It's kind of funny how at my university (one of the better public unis in the world, or so they say), there is no rigorous introduction to computer science. Sure, we have our architecture, and our data structures, OS, and algorithms, and even a "here's how to Java" introductory course. Yet there is no "This is the way to think like a computer scientist and how to understand as a computer scientist would" class.
The result? You can clearly tell there are a lot of people in the cs program who just sort of go by and learn all these periphery (but still important!) topics without ever touching the core principles. I've even seen seniors who are just clueless! I guess the idea is they're meant to figure it out for themselves through a eureka moment? That doesn't seem like a sound structure to me. I'm realizing that I, myself, fall into the lacking-understanding camp and I'm doing my damn best to rectify that. When I get my degree I want to be able to say I'm a computer scientist, and I want those words mean something. I'm hoping that SICP will truly help me understand the core principles.
I feel a lot of it has to do with the amount of money you can make straight out of college even as a mediocre coder, compared to the low-paying, unrewarding mess that education currently is.
Good on you for trying to do things right :) I was lucky to take the non-self paced version of CS61A, and I do think the class is top-notch. But even then there's tons of room for improvement, but no one has the time. We're all too occupied with our start-ups here (professor was amazing, but it says a lot that he was a full-time employee of Google while he taught our class).
Physics is really two different fields: There's Physics for people who want to a rigorous understanding of the underlying theory, and possibly also want to become research scientists or academics within the field. And there's engineering and all its subfields for people who are primarily interested in applying that knowledge to make stuff.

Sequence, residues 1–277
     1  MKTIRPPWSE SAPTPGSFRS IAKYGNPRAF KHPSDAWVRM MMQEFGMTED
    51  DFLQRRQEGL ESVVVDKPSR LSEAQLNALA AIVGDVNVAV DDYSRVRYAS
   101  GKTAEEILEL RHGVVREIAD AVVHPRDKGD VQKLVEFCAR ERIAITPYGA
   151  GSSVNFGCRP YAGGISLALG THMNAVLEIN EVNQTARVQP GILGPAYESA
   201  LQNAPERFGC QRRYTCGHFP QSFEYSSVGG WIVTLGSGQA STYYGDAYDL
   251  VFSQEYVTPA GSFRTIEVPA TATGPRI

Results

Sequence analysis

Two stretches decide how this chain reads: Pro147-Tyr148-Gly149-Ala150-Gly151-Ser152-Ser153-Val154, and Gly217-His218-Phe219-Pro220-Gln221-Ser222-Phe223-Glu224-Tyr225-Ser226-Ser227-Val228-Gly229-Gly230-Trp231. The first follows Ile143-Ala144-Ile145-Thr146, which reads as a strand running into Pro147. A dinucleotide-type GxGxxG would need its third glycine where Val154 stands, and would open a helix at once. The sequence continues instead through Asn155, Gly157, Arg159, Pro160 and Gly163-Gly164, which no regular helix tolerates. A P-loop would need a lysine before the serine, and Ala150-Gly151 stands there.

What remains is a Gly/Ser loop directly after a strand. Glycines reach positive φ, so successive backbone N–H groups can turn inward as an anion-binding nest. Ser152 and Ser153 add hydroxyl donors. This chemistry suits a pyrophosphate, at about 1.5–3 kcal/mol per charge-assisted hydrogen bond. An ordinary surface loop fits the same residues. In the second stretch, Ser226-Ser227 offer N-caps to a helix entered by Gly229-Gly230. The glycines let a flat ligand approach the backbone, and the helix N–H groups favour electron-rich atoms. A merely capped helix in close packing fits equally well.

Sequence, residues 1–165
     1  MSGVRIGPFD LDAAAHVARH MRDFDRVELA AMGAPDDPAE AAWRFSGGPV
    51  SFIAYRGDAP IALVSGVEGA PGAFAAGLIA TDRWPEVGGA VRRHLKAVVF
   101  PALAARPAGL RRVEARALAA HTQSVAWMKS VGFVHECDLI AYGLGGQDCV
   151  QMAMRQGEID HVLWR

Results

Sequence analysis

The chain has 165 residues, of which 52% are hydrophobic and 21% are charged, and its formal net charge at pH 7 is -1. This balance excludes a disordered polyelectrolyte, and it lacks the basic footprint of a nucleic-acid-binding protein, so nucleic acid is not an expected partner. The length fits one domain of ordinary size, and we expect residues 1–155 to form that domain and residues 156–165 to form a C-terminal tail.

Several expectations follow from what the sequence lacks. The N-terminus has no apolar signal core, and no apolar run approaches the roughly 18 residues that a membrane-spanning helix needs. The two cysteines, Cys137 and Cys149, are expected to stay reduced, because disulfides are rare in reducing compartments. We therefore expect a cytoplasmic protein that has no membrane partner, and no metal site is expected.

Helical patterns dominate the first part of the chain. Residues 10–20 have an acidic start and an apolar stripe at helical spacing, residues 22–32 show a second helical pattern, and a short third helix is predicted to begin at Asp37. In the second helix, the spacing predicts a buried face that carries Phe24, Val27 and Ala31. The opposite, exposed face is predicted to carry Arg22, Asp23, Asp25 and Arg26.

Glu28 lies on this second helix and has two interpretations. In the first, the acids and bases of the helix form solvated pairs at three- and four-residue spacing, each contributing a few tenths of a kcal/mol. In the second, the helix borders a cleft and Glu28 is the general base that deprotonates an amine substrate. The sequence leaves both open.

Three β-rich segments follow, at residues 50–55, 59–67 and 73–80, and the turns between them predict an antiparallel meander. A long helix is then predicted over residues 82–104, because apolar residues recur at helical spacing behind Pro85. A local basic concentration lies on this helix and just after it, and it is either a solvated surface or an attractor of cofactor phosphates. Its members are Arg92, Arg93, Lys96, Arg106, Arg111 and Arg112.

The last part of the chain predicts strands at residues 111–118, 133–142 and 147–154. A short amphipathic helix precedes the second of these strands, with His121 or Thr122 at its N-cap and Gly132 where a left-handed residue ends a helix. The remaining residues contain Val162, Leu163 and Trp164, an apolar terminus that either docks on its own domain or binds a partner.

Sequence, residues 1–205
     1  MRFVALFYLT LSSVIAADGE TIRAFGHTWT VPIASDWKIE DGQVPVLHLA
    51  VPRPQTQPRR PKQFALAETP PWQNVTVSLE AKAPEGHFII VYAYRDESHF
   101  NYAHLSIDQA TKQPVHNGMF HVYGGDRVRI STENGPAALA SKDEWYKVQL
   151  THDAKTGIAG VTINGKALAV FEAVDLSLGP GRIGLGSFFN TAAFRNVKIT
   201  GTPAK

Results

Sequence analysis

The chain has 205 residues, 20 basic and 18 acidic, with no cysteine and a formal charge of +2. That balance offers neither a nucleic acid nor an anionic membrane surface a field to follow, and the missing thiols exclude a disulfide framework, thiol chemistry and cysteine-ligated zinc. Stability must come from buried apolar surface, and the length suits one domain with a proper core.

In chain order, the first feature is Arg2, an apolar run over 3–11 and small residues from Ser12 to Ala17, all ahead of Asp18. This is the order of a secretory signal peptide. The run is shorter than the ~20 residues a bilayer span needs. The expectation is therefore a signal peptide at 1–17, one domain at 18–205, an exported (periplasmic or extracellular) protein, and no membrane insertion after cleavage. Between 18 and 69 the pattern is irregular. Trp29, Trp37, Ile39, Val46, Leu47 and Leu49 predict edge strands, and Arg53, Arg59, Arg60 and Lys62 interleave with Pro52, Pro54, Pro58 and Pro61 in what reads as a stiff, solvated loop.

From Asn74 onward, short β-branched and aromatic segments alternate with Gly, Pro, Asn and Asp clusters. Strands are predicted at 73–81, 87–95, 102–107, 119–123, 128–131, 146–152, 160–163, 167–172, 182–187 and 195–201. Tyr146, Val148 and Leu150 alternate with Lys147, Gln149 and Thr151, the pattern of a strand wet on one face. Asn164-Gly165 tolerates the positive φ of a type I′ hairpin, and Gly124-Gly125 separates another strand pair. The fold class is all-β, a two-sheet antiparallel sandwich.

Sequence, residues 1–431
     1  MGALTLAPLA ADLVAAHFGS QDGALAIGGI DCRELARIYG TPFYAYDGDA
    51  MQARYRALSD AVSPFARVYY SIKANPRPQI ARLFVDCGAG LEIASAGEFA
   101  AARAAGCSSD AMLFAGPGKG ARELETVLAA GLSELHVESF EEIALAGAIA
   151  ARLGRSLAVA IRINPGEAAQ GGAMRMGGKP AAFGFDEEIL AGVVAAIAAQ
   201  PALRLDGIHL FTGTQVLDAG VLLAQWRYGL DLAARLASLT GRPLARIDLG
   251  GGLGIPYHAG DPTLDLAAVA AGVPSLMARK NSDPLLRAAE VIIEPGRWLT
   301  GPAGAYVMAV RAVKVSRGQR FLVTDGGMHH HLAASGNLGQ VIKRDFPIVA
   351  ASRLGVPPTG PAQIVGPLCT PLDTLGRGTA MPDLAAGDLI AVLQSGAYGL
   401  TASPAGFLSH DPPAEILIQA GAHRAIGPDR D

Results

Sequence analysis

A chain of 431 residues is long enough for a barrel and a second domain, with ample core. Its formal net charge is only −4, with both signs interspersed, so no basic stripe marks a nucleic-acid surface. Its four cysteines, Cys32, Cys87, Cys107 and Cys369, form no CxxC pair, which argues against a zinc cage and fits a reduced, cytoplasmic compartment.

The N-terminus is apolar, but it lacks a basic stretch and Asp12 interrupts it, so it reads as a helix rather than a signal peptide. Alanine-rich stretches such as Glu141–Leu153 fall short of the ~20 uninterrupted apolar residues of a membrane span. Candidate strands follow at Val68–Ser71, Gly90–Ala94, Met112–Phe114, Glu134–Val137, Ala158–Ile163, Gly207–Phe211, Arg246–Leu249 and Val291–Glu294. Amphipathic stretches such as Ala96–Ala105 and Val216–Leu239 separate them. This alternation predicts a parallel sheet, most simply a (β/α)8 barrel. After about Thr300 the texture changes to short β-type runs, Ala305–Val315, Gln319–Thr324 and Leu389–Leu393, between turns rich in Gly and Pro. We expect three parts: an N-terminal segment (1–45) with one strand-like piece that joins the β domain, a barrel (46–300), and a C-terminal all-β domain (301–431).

There's the potential for CS to be broken up along similar lines, but it hasn't happened. I'd argue that this does students a great disservice, since it's hard for someone getting in at the ground level to tell what a program's real focus is just by reading the course catalog.
I took the SICP route and I'm very glad I did. But plenty of my classmates hated it, and I don't see a problem with that. It's terribly dry stuff, and there are plenty of people who've got only a high level grasp of the theory and still make amazing software and make it well
Different strokes for different folks.
I could be wrong, but as a casual observer who isn't yet in the workforce it seems to me that the people who put up with the rigor of the more difficult and less sexy topics (e.g. a solid understanding in algorithms à la CLRS) are not only just as well compensated as those who prefer to focus on what they think are marketable skills that industry is looking for, but they grow faster and further. These sorts of people (again, in my casual observer's eye) don't get pigeon-holed into a technology stack, but can easily jump into new topics if they think they're sufficiently interesting.
It's at least true for my friends in compsci who I have the most respect for as programmers. They seem like they can do anything!
As an EE working with computers (albeit at a lower level), I'd think the topics concerned with implementation of computers (computer architecture, operating systems, algorithms etc) hold more 'fundamental' status in my book. I guess it depends on where you belong in the stack.
Having said that, I definitely feel that I could benefit from the knowledge of more abstract issues that SICP addresses.
The detailing given in some of the answers meant I had to go back and strengthen some of the basics and learn things in depth rather than peripheral information.